Having a will and comprehensive estate plan is one of the best possible guarantees that an estate will be handled correctly after a person's death. Individuals in Oklahoma should also be sure to name executors for their estates within their plans. Executors play integral roles in the estate administration process and ensure that people's last wishes are respected.
An executor may be anyone who is named by the creator of the estate, although great care and consideration should be given to the task before making a decision. There is no law that requires the executor to be a financial expert or to work in the legal field, but having a basic knowledge of such matters can be helpful, since he or she is tasked with the fiduciary duty of an estate. The executor is expected to act with good faith and honesty when handling an individual's will.
Part of the responsibility of being an executor includes locating all of a person's assets and debts. Prior to distributing any property or money according to the will, creditors must first be paid any outstanding debts that the deceased left behind. At that point the executor can even decide if probate would be helpful or necessary. Most executors choose to bypass the probate process, which can extend the estate administration process and rack up court costs, and, in some cases, extenuating circumstances can, of course, make this a necessary detour.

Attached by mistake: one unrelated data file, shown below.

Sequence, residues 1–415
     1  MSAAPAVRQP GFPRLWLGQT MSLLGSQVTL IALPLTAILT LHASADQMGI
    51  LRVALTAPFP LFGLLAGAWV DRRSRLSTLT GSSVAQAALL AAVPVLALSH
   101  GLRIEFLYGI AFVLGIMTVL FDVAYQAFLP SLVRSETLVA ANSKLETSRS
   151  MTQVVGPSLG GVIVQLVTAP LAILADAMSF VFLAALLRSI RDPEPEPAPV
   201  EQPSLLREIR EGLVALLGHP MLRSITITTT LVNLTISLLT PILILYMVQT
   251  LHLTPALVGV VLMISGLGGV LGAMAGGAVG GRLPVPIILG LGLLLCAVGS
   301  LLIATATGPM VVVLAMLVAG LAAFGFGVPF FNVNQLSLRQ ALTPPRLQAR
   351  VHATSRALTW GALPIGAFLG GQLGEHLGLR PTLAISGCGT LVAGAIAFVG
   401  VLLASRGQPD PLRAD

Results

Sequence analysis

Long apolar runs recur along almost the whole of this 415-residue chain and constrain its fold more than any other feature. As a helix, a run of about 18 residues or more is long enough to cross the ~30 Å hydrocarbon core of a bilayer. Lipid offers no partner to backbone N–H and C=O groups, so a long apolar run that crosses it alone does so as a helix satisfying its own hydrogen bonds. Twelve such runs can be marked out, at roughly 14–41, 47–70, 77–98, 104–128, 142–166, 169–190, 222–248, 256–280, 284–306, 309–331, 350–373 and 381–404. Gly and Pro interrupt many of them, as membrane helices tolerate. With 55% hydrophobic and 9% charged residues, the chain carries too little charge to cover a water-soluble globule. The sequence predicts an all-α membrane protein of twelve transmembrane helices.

An executor's responsibilities do not end there. He or she must also be sure that final income and applicable estate taxes are paid, necessary continuing payments are allotted and the affairs of the deceased are all handled. When an executor is not named in a will, it is up to the probate court to name an administrator. Individuals in Oklahoma who go through the process of creating estate plans likely want to ensure some measure of control over the estate administration process, making the naming of executors important tasks.
Source: FindLaw, "What Does an Executor Do?", Accessed on March 15, 2016